These disadvantages of the prior art are overcome with the present invention and an improved motion-activated switch is provided which is simple and inexpensive to purchase and install, requires little or no maintenance, and is compact in size and weight, yet which is highly sensitive to even subtle movements of virtually any type or direction.

These advantages of the present invention are preferably attained by providing an improved motion-activated switch comprising a housing, a normally open snap action switch mounted within the housing actuable by a lever arm having a triangular member formed of sheet material extending substantially vertically upward from the arm, and a ball member suspended pendulously within the housing and normally engaging the tip of the triangular member to maintain the lever arm in its open circuit position and having space within the housing to permit movement of the ball member out of contact with the triangular member to allow closing of the switch.

Accordingly, it is an object of the present invention to provide an improved motion-actuated switch.

Another object of the present invention is to provide an improved motion-actuated switch which is simple and inexpensive to purchase and install.

An additional object of the present invention is to provide an improved motion-actuated switch which requires little or no maintenance.

A further object of the present invention is to provide an improved motion-actuated switch which is compact in size and weight.

Another object of the present invention is to provide an improved motion-actuated switch is highly sensitive to even subtle movements of virtually any type or direction.

A specific object of the present invention is to provide an improved motion-actuated switch comprising a housing, a normally open snap action switch mounted within the housing actuable by a lever arm having a triangular member formed of sheet material extending substantially vertically upward from the arm, and a ball member suspended pendulously within the housing and normally engaging the tip of the triangular member to maintain the lever arm in its open circuit position and having space within the housing to permit movement of the ball member out of contact with the triangular member to allow closing of the switch.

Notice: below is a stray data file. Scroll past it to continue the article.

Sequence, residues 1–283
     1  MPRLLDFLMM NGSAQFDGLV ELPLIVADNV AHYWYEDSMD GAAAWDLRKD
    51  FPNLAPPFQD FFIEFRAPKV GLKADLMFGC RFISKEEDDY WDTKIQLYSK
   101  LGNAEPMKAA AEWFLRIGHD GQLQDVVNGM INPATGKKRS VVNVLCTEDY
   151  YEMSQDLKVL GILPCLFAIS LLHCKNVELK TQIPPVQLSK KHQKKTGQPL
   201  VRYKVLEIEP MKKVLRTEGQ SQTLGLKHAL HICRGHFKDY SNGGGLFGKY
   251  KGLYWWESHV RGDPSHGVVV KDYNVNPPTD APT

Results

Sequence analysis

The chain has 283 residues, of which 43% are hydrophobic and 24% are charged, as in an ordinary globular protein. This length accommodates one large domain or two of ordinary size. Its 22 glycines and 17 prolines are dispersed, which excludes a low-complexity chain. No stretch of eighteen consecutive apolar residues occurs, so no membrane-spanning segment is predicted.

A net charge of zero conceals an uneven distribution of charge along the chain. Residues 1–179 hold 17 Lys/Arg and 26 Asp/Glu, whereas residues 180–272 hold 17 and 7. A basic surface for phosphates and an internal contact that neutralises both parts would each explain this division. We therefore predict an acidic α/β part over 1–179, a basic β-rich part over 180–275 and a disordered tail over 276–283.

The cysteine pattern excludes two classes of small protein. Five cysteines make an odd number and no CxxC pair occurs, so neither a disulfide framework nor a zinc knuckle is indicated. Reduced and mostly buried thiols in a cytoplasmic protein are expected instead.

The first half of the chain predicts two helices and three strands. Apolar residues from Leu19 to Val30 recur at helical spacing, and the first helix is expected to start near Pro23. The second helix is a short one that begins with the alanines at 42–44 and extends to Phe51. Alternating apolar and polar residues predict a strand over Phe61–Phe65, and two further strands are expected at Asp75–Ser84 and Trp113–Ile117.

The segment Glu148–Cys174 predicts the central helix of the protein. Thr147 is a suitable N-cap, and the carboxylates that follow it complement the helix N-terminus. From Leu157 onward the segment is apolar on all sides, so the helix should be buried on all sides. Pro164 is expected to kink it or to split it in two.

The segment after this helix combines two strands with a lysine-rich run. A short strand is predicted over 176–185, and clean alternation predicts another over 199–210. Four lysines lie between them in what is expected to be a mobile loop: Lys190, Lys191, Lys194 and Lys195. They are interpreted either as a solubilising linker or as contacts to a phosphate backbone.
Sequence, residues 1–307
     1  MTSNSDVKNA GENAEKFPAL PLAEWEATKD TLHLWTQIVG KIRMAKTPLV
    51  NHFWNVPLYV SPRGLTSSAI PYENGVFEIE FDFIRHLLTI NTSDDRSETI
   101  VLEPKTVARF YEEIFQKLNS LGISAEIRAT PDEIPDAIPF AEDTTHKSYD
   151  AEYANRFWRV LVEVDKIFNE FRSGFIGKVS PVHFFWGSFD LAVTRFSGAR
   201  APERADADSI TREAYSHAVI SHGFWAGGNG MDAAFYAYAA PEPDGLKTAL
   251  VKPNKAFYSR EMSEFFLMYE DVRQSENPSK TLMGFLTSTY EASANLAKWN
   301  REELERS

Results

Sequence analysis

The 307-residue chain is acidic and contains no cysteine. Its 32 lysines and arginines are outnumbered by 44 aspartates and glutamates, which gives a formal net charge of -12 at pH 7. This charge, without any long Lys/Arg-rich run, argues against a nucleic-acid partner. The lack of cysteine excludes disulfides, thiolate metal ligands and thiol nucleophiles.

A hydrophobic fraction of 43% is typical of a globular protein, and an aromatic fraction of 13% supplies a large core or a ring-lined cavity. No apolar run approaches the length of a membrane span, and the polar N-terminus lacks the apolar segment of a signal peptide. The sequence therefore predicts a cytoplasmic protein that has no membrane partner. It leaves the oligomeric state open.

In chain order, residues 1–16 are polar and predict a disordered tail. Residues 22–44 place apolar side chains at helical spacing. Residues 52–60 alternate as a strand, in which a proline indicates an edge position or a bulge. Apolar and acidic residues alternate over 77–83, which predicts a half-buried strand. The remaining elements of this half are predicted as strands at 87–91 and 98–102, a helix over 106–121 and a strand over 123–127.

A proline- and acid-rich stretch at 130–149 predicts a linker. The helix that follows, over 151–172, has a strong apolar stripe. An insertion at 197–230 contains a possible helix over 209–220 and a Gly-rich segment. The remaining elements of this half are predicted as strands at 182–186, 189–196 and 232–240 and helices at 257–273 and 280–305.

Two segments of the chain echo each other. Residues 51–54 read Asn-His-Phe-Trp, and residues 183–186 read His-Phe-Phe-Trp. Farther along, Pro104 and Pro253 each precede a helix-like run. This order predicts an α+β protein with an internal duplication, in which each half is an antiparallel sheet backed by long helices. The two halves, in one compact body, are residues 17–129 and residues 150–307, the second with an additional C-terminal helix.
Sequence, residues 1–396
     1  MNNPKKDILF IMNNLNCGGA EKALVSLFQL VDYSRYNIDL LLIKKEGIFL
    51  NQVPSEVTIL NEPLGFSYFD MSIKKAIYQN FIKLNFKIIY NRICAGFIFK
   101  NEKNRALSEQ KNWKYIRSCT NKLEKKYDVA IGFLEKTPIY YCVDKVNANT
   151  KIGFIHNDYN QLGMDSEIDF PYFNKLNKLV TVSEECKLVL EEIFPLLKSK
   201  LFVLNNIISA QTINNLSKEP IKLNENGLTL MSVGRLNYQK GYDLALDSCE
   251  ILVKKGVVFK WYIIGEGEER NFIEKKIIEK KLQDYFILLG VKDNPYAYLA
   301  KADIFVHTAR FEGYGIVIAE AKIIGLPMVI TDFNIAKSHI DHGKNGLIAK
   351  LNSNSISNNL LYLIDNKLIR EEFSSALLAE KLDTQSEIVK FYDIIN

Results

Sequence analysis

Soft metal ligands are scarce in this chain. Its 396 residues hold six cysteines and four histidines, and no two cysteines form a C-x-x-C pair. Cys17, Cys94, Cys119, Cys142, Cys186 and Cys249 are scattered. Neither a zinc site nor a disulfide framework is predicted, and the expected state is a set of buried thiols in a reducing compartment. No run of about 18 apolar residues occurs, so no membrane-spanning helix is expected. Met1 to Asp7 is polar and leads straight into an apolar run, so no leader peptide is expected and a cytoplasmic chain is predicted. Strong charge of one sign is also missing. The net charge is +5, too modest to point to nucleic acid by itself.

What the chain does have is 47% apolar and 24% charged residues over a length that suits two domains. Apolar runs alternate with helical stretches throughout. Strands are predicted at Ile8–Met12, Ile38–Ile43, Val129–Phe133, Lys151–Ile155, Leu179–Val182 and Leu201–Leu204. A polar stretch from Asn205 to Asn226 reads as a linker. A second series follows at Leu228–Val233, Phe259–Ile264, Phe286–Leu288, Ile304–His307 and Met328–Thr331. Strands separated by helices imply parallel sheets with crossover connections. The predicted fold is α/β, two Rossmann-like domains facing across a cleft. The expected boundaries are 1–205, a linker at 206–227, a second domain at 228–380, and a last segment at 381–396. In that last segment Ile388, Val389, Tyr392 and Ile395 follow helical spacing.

These and other objects and features of the present invention will be apparent from the following detailed description, taken with reference to the figures of the accompanying drawing.

BRIEF DESCRIPTION OF THE DRAWING

FIG. 1 is a vertical section through a motion-actuated switch embodying the present invention; and

FIG. 2 is an end view of the switch of FIG. 1.

DETAILED DESCRIPTION OF THE INVENTION

In that form of the present invention chosen for purposes of illustration in the drawing, FIGS. 1 and 2 show a motion-actuated switch, indicated generally at 10, having a generally cylindrical housing 12. A snap-action switch 14 is mounted within the housing 12 and has a lever arm 16 hingedly mounted on the switch 14, as indicated at 18 in FIG. 1, and urged upwardly by suitable means, such as spring 20. The switch 14 is connected to appropriate circuitry by wires 22, which pass through opening 24 of the housing 12 and is in the open circuit position when the lever arm 16 is in the position seen in FIGS. 1 and 2, but serves to close the circuit when the lever arm 16 is urged upward by spring 20. The lever arm 16 carries a triangular member 26 which projects vertically upward from the lever arm 16 and which is formed of sheet material, as best seen in FIG. 1. Finally, a ball member 28 is pendulously suspended from the roof 30 of the housing 12, as by strap 32, which is hung on the lower hook 34 of link 36 which has an upper hook 38 engaging an eyebolt 40 that is secured to the roof 30 of the housing 12 by suitable means, such as nut 42. If desired, the nut 42 may be adjusted to vary the position of the ball member 28 and, hence, to control the sensitivity of the switch 10.